If you are young you get more money from a Defined Contribution Pension plan when you stop working for an organization. This is because with the Defined Contribution Pension plan everyone gets the same amount of money each year. If you are young under the Defined Benefit plan little is paid into the pension for you and you get little when you leave. Any benefit you earn is discounted back to the present day.

If you say that you do not know how to invest, you are young and you can learn by doing. Or you can cop out and use ETFs for Mutual Funds. Most Defined Contribution Pension plans provide options for investing your money. When you leave you get to take it all with you and can put it into a locked-in RRSP which you can completely control.

If you do not want to manage your money yourself you will have to pay someone to do so. No one works for nothing, so do not expect to have others do your investing for free. If you think that your organization would be better qualified to make the decisions for you, you could be very wrong. There are currently a lot of pension plans in trouble. The ones with the most problems seems to be those run by governments.

Chile has had an interesting experience in pension funding. An article by Orazio Attanasio , Costas Meghir, and Olivia S. Mitchell in Fortune Magazine talks about some proposed changes and makes the point that Pay-as-you-go (PAYG) retirement programs in the U.S. and many European countries are struggling. There have been mass protests by Chilean's about the low pensions people are getting. See an article by Laura Millan Lombrana in Bloomberg. .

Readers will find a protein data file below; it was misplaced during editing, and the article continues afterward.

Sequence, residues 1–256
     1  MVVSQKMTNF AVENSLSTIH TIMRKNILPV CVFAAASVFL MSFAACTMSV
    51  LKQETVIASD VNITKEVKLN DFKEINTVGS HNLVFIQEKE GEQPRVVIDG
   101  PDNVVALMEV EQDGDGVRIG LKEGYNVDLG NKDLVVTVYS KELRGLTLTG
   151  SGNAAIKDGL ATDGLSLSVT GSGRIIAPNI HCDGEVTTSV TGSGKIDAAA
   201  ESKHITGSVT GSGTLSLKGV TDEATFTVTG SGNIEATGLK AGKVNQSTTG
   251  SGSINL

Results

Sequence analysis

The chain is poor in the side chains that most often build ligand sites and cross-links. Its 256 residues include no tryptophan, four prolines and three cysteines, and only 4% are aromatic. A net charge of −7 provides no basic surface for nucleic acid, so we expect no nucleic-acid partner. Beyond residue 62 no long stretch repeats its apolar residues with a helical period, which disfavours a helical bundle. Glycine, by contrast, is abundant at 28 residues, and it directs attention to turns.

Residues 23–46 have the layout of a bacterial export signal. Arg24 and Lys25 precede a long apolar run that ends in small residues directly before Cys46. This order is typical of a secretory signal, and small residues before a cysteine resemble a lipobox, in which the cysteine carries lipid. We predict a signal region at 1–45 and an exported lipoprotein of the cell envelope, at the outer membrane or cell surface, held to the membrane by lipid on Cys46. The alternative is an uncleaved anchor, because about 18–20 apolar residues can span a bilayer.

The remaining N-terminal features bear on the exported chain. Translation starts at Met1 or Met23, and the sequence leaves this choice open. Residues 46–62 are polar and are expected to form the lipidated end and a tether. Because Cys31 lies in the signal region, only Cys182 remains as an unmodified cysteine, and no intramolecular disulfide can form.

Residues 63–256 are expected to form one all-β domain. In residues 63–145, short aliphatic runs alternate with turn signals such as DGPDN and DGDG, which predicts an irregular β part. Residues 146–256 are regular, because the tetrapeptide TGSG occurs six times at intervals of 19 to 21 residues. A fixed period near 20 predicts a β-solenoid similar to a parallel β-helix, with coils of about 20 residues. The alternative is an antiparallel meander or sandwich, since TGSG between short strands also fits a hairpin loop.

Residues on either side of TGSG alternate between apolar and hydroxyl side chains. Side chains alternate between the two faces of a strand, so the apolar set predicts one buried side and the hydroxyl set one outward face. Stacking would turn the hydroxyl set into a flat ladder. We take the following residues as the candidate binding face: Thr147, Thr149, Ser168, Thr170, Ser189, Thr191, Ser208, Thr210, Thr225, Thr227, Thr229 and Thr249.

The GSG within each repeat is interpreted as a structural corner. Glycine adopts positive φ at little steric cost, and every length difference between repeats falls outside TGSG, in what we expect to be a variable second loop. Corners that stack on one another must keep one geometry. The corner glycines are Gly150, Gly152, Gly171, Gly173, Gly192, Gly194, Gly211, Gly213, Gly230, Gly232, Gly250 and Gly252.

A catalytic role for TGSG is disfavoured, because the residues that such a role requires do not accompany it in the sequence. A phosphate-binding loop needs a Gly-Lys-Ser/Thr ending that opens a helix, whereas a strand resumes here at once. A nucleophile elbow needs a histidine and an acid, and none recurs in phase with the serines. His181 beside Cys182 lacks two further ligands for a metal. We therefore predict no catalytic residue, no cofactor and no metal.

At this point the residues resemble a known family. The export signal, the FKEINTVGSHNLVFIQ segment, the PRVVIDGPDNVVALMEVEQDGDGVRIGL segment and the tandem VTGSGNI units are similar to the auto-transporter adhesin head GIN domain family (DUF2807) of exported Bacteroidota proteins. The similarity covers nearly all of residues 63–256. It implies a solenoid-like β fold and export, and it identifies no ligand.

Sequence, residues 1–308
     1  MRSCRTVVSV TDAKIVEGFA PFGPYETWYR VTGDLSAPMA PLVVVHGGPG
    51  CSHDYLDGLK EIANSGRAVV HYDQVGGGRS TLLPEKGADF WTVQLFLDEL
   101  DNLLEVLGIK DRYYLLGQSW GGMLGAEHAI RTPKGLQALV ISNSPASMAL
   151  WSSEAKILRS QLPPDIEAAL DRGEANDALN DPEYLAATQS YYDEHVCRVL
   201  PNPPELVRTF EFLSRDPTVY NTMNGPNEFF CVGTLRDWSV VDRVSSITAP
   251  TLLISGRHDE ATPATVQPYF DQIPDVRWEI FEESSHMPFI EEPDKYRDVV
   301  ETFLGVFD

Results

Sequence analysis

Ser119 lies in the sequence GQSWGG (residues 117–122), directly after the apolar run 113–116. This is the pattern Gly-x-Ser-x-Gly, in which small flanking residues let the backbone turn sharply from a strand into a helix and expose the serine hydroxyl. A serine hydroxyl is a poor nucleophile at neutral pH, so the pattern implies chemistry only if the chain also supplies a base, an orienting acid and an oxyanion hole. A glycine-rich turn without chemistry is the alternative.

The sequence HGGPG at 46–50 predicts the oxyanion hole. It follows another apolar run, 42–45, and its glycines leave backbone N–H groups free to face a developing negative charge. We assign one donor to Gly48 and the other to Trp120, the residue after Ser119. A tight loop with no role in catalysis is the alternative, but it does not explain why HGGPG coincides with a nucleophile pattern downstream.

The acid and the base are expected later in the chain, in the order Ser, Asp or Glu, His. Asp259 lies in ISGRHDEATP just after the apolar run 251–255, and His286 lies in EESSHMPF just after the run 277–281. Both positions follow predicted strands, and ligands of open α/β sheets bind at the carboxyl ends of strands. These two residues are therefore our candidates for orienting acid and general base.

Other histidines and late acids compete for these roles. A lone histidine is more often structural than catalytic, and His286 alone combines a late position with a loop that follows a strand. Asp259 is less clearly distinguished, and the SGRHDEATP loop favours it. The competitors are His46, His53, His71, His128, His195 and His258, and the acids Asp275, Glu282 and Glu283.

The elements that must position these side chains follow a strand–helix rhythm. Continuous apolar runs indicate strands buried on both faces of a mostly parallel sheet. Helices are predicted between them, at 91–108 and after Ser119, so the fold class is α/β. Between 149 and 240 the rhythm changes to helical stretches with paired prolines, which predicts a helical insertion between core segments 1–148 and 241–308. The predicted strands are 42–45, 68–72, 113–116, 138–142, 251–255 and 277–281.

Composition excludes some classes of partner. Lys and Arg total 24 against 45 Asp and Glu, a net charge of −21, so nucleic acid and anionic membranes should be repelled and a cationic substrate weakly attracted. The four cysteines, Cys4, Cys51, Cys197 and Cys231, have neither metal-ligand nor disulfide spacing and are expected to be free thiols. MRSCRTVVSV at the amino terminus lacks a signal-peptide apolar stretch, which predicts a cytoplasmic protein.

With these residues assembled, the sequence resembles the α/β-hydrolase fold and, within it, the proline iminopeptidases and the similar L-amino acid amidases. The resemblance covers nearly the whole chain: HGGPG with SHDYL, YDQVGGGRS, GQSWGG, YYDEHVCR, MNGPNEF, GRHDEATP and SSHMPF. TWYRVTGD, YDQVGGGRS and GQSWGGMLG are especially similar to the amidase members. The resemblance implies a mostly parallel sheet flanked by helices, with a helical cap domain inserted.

There is quite a good article about Chilean's pension funding by Nicholas Vardy at Stock Investor. Certainly since the pension is government mandated, the government should have set rules about fees. Also, it is not a bad idea to get companies to contribute the employee's pension plans. There is very balance article on Chile's Pension problems by Andres Velasco at Project Syndicate.

Assuming that the government would have done better is foolish as shown by the many pension plans that are problems today. Mostly government liked to run pension plans because of all the money they can control. All the government plans were PAYG and they provided government with lots of money in the past. The problem now is that because of demographics, there are going to be more retirees than payers for these plans and something will have to be done.

Governments do not necessarily invest for the welfare of the pensioners. Look at Quebec where the government controls the pension plans of government employees. They invest money of this plan for political reasons. That is why the Teacher's Union in Ontario fought to control their pension money rather than have the Ontario Government do it. CPP seems better where they raised the rates in 2000 to try to move the Pension Plan from a strictly PAYG. The extra money is being invested by an independent board. However, a future government could change this.

Every system has its faults. In Canada we have RRSP accounts. I had one because I changed companies so I would not be retiring with a company pension. If you do a poor job of handling this account you suffer in retirement for lack of money. You also suffer if you do well as I did. A big percentage of my withdrawals go for taxes. The RRSP money increases my taxable income and puts me in a higher tax bracket. So I am not benefiting from managing my RRSP well.